The story of the schooner ship Amistad is a tale of resistance through necessary violence. Members of Sierra Leone’s Mende tribe rose up in violence against the captain and crew of the ship. The Mende were arrested on murder charges in New Haven, Connecticut. The case became a diplomatic affair between America and Spain. In the end, the Supreme Court ruled in favor of the Mende and those that were still alive were released.
In 1893 a group of Sierra Leone’s Mende people were kidnapped by Portuguese slave hunters. The free Africans were forced to sail to Havana, Cuba aboard a slave ship. Once in Havana, 53 of the captives were sold to Spaniards, and forced onto a ship named the Amistad. One of the victims, a 25-year-old man named Cinquez, managed to get loose of his chains. He then assisted his fellow Mende in escaping their restraints. A violent revolt then ensued and the captain and some of the crew were killed in the process. The Mende desperately tried to make their way back to their home of Sierra Leone, but through trickery the crew managed to sail the boat to Long Island, New York. There the Mende were arresting on charges of murder.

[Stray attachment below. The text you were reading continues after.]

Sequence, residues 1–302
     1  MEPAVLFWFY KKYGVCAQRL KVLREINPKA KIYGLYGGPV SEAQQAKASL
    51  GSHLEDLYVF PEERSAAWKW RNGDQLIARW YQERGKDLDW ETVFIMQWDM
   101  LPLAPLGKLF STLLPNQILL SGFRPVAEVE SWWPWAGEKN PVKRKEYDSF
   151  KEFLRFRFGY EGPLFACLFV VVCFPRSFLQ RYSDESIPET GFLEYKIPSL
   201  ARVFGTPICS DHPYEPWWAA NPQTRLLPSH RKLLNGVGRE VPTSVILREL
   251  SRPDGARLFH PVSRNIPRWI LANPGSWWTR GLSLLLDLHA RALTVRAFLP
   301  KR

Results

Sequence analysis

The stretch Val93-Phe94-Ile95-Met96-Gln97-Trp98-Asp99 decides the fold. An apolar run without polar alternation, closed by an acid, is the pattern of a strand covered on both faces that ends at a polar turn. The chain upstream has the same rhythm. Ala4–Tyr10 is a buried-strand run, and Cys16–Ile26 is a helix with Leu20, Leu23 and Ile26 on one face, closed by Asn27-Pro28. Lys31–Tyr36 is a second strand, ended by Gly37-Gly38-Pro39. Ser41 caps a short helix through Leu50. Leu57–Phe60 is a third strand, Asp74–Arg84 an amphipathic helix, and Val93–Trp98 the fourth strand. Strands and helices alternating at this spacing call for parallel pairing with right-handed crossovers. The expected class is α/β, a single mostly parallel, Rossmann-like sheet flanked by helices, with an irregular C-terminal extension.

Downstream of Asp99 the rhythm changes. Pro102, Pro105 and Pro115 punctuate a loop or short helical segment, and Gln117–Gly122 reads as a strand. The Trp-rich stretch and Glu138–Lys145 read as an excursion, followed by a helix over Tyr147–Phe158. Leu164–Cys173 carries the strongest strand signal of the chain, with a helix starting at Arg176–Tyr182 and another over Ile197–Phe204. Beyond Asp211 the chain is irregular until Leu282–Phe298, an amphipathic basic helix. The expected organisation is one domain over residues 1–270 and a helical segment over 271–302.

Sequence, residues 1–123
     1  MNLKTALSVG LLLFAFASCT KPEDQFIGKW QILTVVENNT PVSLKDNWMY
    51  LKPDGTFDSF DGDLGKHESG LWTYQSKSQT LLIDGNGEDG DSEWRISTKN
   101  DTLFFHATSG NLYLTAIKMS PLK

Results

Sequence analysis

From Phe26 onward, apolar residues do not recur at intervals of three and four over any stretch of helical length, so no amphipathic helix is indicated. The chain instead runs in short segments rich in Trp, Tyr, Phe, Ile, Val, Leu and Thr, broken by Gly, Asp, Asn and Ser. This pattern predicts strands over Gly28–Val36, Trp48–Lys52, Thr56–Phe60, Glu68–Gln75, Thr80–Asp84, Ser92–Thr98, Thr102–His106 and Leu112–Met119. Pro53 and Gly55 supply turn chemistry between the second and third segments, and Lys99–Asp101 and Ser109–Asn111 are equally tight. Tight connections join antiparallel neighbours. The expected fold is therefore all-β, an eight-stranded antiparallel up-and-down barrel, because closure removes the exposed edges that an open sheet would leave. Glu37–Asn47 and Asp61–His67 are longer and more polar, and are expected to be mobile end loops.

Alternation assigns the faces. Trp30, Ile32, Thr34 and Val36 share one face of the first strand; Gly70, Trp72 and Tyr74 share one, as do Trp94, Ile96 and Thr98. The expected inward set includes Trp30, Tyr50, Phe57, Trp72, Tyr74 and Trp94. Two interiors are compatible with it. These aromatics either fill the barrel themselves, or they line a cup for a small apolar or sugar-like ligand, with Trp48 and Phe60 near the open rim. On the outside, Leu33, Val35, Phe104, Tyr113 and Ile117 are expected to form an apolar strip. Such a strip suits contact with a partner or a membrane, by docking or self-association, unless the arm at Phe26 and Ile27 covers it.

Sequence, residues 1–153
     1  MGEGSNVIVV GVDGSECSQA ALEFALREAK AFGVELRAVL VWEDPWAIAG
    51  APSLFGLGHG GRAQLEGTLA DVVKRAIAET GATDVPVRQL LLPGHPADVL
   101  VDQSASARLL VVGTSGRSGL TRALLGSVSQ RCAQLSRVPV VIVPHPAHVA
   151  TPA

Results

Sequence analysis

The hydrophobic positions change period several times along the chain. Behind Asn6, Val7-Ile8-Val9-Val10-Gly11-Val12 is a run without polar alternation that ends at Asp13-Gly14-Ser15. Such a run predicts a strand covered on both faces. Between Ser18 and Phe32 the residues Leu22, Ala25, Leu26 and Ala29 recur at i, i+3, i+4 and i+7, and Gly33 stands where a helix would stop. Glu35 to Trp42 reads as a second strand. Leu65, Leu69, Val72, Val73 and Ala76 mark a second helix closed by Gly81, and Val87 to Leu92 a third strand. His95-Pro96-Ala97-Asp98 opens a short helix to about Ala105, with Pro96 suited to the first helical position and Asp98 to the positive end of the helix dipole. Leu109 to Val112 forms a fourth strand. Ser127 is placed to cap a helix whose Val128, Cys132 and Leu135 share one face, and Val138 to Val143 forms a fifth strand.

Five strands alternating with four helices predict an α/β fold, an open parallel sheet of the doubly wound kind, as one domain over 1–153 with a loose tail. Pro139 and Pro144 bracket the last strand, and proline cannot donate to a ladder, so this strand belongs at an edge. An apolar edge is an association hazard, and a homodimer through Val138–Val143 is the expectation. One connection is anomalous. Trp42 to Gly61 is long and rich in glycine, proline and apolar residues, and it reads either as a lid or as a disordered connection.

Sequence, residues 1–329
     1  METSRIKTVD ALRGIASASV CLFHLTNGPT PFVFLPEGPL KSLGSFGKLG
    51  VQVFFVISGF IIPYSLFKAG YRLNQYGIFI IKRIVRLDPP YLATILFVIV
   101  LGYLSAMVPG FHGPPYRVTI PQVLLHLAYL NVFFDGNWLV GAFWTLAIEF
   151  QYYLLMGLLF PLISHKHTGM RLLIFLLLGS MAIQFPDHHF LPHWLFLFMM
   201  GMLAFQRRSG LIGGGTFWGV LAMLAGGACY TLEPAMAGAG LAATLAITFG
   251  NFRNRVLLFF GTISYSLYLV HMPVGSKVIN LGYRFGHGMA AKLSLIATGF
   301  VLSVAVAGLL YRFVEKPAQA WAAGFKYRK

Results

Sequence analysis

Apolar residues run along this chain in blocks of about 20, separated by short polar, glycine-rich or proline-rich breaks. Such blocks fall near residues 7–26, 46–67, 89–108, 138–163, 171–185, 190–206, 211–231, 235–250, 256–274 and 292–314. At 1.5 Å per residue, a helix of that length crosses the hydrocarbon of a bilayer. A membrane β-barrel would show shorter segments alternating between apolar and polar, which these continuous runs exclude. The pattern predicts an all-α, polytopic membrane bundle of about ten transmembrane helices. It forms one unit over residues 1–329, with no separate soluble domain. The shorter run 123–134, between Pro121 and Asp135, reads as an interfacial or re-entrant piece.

The Amistad event caught the attention of the public when the case made it all the way to the Supreme Court. Former US President John Adams represented the Mende in court. As a result of Adams’ eloquent defense, the Mende were acquitted on the grounds that they were free men when captured and merely acted to defend their freedom. Only 35 of the Mende survived to see the verdict of the trial, and in 1841 they sailed back home to Africa. This was an extremely rare case where violent enslavement resistance went in the favor of African people. Perhaps Cinquez’s words sum it up best, "Brothers, we have done that which we purposed, our hands are now clean for we have Striven to regain the precious heritage we received from our fathers. . . . I am resolved it is better to die than to be a white man's slave . . ."